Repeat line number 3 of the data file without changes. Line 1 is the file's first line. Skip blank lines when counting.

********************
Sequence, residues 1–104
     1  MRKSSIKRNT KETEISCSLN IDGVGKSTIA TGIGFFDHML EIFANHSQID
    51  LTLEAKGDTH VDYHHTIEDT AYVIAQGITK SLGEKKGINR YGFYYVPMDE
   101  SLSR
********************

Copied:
    51  LTLEAKGDTH VDYHHTIEDT AYVIAQGITK SLGEKKGINR YGFYYVPMDE